Direct standard out and standard error to wherever you need them to go
Sometimes you want the opposite. For instance, you may need to send a command's standard output to the screen and grab the error messages (standard error) with backquotes. Or, you might want to send a command's standard output to a file and the standard error down a pipe to an error-processing command. Here's how to do that in the Bourne shell. (The C shell can't do this.)
File descriptors 0, 1, and 2 are the standard input, standard output, and standard error, respectively. Without redirection, they're all associated with the terminal file /dev/tty. It's easy to redirect any descriptor to any file — if you know the filename. For instance, to redirect file descriptor to errfile, type:
$ command 2> errfile
You know that a pipe and backquotes also redirect the standard output:
$ command | ...\ $ var=` command`
But there's no filename associated with the pipe or backquotes, so you can't use the 2> redirection. You need to rearrange the file descriptors without knowing the file (or whatever) that they're associated with. Here's how.
Let's start slowly. By sending both standard output and standard error to the pipe or backquotes, the Bourne shell operator n>&m rearranges the files and file descriptors. It says "make file descriptor n point to the same file as file descriptor m." Let's use that operator on the previous example. We'll send standard error to the same place standard output is going:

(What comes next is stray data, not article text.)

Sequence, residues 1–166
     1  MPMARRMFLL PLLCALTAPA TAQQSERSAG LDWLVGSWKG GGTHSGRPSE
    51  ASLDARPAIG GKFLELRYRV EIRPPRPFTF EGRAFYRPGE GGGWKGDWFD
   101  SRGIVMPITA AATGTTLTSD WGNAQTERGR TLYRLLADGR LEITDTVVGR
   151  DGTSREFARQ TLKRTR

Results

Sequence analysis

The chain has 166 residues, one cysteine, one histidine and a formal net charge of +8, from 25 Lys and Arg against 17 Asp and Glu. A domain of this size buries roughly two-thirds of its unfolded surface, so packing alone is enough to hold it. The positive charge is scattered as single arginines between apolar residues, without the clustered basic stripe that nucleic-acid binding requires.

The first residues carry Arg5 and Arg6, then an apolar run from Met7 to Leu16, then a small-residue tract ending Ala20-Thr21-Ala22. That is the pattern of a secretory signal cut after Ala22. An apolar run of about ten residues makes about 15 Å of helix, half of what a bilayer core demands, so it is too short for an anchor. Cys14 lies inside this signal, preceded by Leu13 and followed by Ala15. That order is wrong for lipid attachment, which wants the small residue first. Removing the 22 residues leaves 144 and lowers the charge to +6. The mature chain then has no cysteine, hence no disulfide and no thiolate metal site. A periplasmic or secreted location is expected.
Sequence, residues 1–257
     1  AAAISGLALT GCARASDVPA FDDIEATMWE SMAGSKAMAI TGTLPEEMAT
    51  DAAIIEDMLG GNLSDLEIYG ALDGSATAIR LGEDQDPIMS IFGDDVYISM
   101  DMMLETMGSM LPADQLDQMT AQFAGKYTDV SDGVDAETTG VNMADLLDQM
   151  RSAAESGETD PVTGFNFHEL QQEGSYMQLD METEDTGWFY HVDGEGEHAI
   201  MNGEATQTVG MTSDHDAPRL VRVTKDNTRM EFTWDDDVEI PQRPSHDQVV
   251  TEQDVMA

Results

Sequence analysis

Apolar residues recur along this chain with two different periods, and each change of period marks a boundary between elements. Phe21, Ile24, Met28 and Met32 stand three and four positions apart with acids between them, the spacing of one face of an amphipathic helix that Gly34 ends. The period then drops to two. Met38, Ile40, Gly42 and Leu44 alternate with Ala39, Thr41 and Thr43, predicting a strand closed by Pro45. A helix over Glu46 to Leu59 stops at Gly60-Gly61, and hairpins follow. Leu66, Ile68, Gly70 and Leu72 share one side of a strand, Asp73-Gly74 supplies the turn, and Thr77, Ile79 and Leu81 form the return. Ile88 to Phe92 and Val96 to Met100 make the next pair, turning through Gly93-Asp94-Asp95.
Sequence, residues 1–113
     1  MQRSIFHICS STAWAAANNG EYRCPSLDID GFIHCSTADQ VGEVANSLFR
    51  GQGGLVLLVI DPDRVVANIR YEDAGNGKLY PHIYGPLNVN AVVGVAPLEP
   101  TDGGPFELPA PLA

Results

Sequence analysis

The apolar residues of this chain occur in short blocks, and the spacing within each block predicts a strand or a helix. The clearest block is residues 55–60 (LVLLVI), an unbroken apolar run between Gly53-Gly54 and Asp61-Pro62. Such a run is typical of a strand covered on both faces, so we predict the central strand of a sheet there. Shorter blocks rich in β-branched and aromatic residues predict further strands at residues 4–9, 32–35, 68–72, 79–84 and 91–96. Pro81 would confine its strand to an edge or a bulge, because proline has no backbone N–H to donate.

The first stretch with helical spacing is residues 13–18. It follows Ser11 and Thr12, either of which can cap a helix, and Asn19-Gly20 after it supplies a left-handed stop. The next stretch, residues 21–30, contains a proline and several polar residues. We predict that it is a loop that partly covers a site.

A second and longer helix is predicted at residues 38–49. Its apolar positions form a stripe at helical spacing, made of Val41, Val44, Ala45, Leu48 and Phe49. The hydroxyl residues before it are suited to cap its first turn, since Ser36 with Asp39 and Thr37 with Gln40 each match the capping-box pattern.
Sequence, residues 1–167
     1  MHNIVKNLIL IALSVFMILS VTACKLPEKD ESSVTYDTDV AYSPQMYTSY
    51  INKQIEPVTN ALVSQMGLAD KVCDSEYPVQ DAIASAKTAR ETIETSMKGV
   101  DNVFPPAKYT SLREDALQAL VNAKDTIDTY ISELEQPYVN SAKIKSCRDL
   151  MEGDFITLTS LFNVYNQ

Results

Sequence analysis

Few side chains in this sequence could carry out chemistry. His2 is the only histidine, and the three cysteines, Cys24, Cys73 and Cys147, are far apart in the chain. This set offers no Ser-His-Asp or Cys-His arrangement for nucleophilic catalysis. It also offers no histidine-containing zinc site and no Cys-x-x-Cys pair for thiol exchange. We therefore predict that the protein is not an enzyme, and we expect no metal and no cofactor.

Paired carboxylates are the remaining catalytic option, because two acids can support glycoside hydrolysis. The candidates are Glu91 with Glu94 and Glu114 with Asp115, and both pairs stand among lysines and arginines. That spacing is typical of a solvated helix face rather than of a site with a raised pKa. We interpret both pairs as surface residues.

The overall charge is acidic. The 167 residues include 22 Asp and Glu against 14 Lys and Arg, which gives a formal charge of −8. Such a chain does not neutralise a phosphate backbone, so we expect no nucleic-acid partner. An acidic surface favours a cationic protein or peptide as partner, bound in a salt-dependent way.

$ command 2>&1 | ... $ var=` command 2>&1`
In both those examples, 2>&1 means "send standard error (file descriptor 2) to the same place standard output (file descriptor 1) is going." Simple, eh?
You can use more than one of those n>&m operators. The shell reads them left-to-right before it executes the command.
"Oh!" you might say, "To swap standard output and standard error — make stderr go down a pipe and stdout go to the screen — I could do this!"
$ command 2>&1 1>&2 | ...
Sorry, Charlie. When the shell sees 2>&1 1>&2, the shell first does 2>&1. You've seen that before — it makes file descriptor 2 (stderr) go the same place as file descriptor 1 (stdout). Then, the shell does 1>&2. It makes stdout (1) go the same place as stderr (2), but stderr is already going the same place as stdout, down the pipe.
This is one place that the other file descriptors, 3 through 9, come in handy. They normally aren't used. You can use one of them as a "holding place" to remember where another file descriptor "pointed." For example, one way to read the operator 3>&2 is "make 3 point the same place as 2". After you use 3>&2 to grab the location of 2, you can make 2 point somewhere else. Then, make 1 point to where 2 used to (where 3 points now).
The command line you want is one of these:
$ command 3>&2 2>&1 1>&3 | ... $ var=` command 3>&2 2>&1 1>&3`
Open files are automatically closed when a process exits. But it's safer to close the files yourself as soon as you're done with them. That way, if you forget and use the same descriptor later for something else (for instance, use F.D. 3 to redirect some other command, or a subprocess uses F.D. 3), you won't run into conflicts. Use m<&- to close input file descriptor m and m>&- to close output file descriptor m. If you need to close standard input, use <&- ; >&- will close standard output.